Ed Brown's new movie Unacceptable Levels tells the story of chemicals in our bodies: how they get there, what it means to our health, how in the world it can be legal, and what we can do about it.
All this from the perspective of a young dad contemplating the food his family eats, the water they drink and that cute little rubber duck his kids chew on. Brown's personal journey, as he pulls back the veil on our chemically-saturated world, is well worth watching. I'll be at the film's July 11 screening in San Francisco along with other PAN staff — if you're in the Bay Area, please join us! Showings are also happening soon in Chicago and Austin.
Pollution is personal
Brown captures the realities of our chemical body burden — which can, in truth, be overwhelming — in a powerfully personal way.
He combines self-deprecating humor (which reminds me very much of Judith Helfand in her amazing film Blue Vinyl) with solid, science-based fact sharing. The film includes interviews with more than 40 experts, including former PAN staff Kathryn Gilje and Karl Tupper and many longtime colleagues in the environmental health movement.
The 1950s footage of excited, white-coated researchers with fizzing beakers captures the "DDT is good for me!" historical moment well. It makes clear that while the chemical industry may not have intentionally set out to put us in this fix, they've landed us here in the process of leveraging the magic of chemistry to crank out product after product after product — in the service of profit.
Too high a price
The bottom line? From the pesticides on our fruits and veggies to the industrial chemicals in our couches, mattresses, makeup and toys, we're living our daily lives in a chemical soup — and our children are paying the price.
As our recent report A Generation in Jeopardy points out, this may be the first batch of kids ever who are less healthy than their parents. And as one of the experts in the film notes, genes don't change fast enough to blame this dramatic increase in diseases and disorders on genetics.
The mix of chemicals we're exposed to every day is much, much more harmful to our health than ever imagined, and the simple truth is that our laws and regulations have failed to protect us from these harms.
In the end, Brown's film presents real and hopeful solutions. You're likely to walk away really, really ready to do something. Many smart people and savvy organizations are already working hard to move us toward a safer future — and there are lots of ways each of us can help.
It will take work...
From state legislation to protect kids from toxic products, to a fresh debate about our national chemical policy — including green chemistry innovations and stroller brigades on Capitol Hill — a shift in the debate on industrial chemicals is well underway.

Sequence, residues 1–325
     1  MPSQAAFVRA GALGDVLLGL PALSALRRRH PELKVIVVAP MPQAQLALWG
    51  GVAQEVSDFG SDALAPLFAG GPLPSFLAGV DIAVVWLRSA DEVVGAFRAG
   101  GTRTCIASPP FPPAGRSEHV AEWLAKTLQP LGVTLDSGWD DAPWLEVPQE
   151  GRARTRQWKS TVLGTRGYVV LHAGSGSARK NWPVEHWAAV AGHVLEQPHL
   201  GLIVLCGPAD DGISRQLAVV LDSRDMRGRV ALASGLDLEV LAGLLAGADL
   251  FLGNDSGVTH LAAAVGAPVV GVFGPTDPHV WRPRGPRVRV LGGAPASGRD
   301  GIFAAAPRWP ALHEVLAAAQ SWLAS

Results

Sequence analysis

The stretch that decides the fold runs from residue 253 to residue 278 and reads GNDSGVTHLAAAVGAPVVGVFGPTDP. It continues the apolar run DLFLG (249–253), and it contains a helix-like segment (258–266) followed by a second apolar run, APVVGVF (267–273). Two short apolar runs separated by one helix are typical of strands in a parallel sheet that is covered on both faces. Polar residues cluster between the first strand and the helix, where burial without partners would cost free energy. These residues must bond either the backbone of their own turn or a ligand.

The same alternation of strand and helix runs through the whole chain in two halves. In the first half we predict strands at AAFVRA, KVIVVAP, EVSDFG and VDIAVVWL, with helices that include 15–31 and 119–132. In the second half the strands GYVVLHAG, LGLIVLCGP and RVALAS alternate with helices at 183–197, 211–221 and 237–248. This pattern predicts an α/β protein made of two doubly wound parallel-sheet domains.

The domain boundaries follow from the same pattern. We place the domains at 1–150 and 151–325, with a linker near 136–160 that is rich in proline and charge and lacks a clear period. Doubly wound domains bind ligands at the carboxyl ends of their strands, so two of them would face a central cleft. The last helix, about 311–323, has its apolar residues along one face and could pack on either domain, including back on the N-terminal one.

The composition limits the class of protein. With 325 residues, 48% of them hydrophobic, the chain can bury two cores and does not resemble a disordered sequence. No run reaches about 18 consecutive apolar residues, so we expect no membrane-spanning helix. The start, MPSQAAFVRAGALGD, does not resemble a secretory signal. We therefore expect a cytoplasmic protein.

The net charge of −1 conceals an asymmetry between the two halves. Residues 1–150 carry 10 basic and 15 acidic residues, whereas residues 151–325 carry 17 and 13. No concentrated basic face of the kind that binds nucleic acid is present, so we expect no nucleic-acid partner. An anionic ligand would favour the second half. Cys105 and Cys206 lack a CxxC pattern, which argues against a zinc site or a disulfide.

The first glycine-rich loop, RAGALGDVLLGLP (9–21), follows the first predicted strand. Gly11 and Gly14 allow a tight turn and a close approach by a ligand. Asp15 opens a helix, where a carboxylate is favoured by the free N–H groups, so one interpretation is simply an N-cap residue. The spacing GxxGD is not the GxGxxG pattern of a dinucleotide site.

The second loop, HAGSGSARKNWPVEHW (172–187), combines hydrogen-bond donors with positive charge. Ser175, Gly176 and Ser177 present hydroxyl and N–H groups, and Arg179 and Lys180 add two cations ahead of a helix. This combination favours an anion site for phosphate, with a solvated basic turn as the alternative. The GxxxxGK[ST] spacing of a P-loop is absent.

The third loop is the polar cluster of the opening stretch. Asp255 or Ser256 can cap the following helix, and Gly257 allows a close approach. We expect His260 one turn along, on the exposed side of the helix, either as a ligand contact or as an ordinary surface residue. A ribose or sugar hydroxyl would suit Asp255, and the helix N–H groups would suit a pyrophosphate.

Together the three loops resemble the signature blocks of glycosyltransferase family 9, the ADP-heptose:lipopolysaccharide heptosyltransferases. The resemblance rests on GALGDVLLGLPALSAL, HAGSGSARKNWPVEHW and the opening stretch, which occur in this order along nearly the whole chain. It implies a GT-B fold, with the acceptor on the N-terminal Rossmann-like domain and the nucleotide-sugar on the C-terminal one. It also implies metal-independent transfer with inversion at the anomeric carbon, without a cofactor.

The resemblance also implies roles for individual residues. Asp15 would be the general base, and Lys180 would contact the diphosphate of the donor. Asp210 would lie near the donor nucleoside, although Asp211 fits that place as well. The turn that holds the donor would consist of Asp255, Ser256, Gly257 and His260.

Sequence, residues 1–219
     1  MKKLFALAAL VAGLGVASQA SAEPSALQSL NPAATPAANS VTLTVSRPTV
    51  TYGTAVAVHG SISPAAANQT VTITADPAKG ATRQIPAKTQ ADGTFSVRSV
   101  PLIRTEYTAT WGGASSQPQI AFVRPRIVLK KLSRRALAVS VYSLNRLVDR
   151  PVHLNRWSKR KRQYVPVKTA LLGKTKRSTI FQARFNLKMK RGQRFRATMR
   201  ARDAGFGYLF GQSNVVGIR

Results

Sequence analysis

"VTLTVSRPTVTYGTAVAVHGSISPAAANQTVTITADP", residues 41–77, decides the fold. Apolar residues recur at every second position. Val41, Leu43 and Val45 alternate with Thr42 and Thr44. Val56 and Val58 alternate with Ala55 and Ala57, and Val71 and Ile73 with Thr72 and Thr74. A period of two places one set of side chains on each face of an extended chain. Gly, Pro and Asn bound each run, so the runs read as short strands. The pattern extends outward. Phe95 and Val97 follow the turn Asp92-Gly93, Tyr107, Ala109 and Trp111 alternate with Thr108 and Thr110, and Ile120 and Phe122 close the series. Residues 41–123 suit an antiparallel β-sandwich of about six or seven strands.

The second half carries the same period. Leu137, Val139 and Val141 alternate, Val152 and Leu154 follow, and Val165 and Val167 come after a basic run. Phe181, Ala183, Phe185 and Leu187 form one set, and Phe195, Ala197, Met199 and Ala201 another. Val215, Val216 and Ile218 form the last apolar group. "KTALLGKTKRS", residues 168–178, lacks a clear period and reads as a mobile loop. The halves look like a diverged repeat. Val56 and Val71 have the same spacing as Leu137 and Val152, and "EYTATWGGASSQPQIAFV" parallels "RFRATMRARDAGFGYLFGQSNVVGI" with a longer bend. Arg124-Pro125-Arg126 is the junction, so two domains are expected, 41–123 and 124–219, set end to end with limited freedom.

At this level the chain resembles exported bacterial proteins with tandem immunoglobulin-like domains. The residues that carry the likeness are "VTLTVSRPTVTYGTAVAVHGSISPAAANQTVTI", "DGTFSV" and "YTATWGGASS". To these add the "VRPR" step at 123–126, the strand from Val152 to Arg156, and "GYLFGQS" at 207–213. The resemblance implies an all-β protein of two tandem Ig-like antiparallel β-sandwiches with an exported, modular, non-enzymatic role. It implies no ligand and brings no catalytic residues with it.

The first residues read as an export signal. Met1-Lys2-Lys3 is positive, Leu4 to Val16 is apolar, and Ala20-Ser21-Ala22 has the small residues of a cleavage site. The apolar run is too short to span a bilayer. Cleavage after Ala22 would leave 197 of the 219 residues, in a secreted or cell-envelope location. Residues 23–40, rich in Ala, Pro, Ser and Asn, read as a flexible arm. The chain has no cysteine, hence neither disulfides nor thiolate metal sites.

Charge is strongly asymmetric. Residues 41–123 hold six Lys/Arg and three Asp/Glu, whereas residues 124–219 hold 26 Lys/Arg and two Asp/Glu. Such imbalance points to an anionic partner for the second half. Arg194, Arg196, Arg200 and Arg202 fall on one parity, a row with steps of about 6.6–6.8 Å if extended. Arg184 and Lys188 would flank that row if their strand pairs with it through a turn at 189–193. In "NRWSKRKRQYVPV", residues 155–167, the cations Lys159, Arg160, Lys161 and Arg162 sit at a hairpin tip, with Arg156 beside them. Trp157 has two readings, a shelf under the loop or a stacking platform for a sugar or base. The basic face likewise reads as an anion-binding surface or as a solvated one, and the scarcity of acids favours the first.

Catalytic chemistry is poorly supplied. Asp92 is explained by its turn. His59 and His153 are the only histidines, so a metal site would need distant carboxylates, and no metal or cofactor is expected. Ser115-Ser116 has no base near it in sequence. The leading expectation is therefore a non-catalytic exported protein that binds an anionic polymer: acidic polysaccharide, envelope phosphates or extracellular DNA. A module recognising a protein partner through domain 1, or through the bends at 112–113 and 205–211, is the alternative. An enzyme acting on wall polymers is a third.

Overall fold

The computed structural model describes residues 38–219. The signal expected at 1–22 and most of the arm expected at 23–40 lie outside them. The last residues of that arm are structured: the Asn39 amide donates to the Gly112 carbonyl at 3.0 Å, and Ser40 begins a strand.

And from creative farmers saying "no thanks" to harmful chemicals in their fields, to parents demanding safe and healthy food, schools and parks for their children, to farmworkers standing up for a healthier workplace — efforts to roll back reliance on harmful pesticides are also gaining steam.
This definitely won't be easy. While consumers certainly hold tremendous pocketbook power to make change, this isn't a problem we can shop our way out of.
And as we here at PAN well know from our work to shine light on the undue influence of the Big 6 pesticide corporations, those who profit — a lot — from the status quo won't take kindly to calls for real change.
.. and will be worth it
But films like Unacceptable Levels help make it clear that this problem is personal, serious and urgent. And that shifting away from reliance on harmful chemicals — whether to produce strawberries or rubber ducks — is a goal worth working toward.
This, from the filmmaker's action-oriented website:
Unacceptable Levels opens the door to conversations about the chemical burden our bodies carry so that we can make informed decisions now and in the future. The film poses challenges to our companies, our government, and our society to do something about a nearly-unseen threat with the inspired knowledge that small changes can generate a massive impact.
"Massive impact" is exactly what we're going to need. I invite you to take a look at the trailer below, and if one of the upcoming screenings is happening in a city near you, please do show up! And bring a friend.